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Ray-Ray McCloud lived while T.J. Hockenson blocked; Please sleep Russ

Russell Wilson

Russell Wilson

Mike De Sisti / Milwaukee Journal Sentinel / USA TODAY NETWORK

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You love to read it when you somehow had the foresight to start or avoid these players, you hate to read it when it’s time to figure out how that could have happened: It’s The Week In Confounding Fantasy Football! The Lions-Steelers game produced a tie and some wacky results, and the Seahawks fell apart in a national island game.

Ray-Ray McCloud explodes for 12 targets in Steelers tie

How did this happen? The Steelers were forced to start Mason Rudolph because of a Saturday positive COVID-19 test for Ben Roethlisberger. Chase Claypool sat with a toe injury that looks like it has the potential to last for multiple weeks. A Steelers offense that had already been target-vacuumed resorted to the same stuff they did in 2019 with Rudolph and Duck Hodges. That’s right, folks, it was extend the running game hours.

McCloud was only targeted one time beyond 15 yards, on a deep crossing route where Rudolph escaped from the pocket and was able to win late in the down. Most of the rest of these targets were all about horizontal yards and trying to get an explosive guy the ball in space. McCloud didn’t really reward there with a -1.2 YAC per target compared to his expected output per Next Gen Stats.

Who can we blame for this? Well you can’t blame the Lions defense, they haven’t really done a lot to hold down opponents this year in any real way. This was a conscious decision by the Steelers to run three-wide with McCloud over trusting Pat Freiermuth and Eric Ebron in 12-personel. There are arguments for and against this depending on the opponent, and Pittsburgh has never been a big play-action team.

What’s our takeaway? Even if Roethlisberger is back next week, McCloud is going to have some appeal as a PPR-streamer if Claypool sits. Roethlisberger has targeted the third wideout plenty. Don’t expect 12 targets again, but some sort of six-catch, 50-yard game should be in play for McCloud if the Steelers don’t play Ebron more.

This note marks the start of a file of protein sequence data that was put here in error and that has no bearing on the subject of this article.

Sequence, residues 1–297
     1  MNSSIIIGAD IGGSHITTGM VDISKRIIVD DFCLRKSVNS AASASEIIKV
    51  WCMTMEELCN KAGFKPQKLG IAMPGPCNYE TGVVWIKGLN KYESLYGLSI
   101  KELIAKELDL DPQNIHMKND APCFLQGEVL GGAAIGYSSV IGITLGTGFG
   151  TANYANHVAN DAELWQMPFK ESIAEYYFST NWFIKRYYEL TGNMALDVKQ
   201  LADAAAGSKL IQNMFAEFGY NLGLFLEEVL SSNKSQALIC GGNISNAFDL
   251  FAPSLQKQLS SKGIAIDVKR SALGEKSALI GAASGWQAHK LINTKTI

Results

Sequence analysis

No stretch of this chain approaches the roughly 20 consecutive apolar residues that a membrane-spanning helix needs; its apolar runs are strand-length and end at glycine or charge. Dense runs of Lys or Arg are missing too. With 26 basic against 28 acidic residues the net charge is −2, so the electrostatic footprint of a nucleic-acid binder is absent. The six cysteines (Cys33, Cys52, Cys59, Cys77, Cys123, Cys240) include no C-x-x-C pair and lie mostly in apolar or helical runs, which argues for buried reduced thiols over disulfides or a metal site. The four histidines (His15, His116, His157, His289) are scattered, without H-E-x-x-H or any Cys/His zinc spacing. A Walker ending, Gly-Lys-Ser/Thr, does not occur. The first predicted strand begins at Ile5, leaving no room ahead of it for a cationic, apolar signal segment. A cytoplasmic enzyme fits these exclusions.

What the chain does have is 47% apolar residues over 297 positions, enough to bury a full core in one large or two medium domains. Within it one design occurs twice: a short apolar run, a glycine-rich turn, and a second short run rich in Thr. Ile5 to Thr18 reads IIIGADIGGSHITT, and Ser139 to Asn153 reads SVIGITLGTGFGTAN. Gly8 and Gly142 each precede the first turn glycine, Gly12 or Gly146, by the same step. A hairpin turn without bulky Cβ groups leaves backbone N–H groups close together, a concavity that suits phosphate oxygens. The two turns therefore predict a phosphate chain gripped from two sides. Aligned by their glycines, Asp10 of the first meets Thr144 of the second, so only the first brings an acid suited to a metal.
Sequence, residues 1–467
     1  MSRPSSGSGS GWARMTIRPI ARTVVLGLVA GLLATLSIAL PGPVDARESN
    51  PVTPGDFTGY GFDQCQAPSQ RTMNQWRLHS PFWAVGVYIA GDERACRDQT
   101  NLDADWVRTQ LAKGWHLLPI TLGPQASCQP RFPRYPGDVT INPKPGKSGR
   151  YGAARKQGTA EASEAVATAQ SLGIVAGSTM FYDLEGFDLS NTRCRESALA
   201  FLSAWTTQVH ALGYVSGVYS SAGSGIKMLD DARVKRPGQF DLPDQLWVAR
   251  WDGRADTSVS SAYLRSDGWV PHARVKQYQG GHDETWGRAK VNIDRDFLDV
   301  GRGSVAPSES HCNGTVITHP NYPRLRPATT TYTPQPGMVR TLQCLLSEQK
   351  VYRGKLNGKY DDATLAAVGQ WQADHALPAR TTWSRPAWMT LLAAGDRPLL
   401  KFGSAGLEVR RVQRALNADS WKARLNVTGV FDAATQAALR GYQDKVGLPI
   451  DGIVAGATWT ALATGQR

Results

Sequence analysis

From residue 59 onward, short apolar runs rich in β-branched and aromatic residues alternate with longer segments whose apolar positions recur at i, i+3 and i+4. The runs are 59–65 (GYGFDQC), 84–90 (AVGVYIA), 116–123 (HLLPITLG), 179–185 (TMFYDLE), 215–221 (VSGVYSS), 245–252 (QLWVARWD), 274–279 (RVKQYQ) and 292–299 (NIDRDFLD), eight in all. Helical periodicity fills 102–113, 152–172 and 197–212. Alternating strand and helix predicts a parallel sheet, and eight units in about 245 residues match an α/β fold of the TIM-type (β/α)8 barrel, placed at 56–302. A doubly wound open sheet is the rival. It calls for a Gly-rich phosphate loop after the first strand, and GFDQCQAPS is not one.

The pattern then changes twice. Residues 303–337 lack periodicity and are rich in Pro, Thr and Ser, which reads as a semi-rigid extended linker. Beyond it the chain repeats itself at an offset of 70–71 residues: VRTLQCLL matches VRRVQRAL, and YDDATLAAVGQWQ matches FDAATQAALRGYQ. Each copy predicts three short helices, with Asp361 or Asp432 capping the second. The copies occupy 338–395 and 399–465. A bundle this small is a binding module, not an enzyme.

Russell Wilson‘s finger isn’t right and neither are the Seahawks

How did this happen? Russell Wilson rushed his rehab from a pin in his finger and planted some terrific coverage about it in the national media that noted that he was devastatingly focused on getting back early. The reeling Seahawks, rather than being inspired by Wilson’s return, face-planted to go to 3-6. Wilson completed only half of his passes and looked completely out of sync with the offense. He ducked and fluttered in the pocket. His deep balls were not on target in the slightest. Both of his interceptions were easy for the defense and there were about two or three near-misses from the Packers.

Pete Carroll said after the game that he didn’t think that the finger caused any of the interceptions, but there were more than a few balls that sailed on Wilson and all of his snaps had to be out of shotgun this week to accommodate the condition. Wilson was happy to test the Green Bay secondary deep, but he completed just 2-of-15 passes beyond 10 yards of the line of scrimmage. Seattle couldn’t game-manage any offense with the extra incompletions and sacks that Wilson added.

Who can we blame for this? Well, our hero worship culture, of course, that says it’s not right for Mr. Wilson to take a normal amount of rehab and sleep. I’m half-serious, but Wilson didn’t look great and I do think it’s evident he wasn’t 100%.

Seattle’s offense has a marked schism that they haven’t seemed to be able to bridge the gap on for the last season-and-10 games. They want to run the ball to protect a pass defense that is more Legion of Gloom than Legion of Boom. Wilson wants to air it out. Shane Waldron hasn’t really adjusted the game since Week 3 or 4, and the Seahawks haven’t counter-punched in a real way to what defenses are taking away from them. The line continues to give up a lot of pressure to whoever is quarterback. There’s more wrong here than just Wilson.

What’s our takeaway? Even when Wilson was healthy, the Seahawks have gone over 20 points twice since Week 3: The 49ers in Week 4, and the Jaguars in Week 8. Wilson threw for 149 yards in the 49ers game. Geno Smith threw for 195 against the Jaguars. Until they show signs of life against a real defense, they are someone to target streamer defenses against and an offense that can’t be relied on without a great matchup. It’s going to be hard to stomach Tyler Lockett as anything more than a boom-bust starter. This is, sadly, becoming a pretty lengthy track record of Seahawks offensive dysfunction now.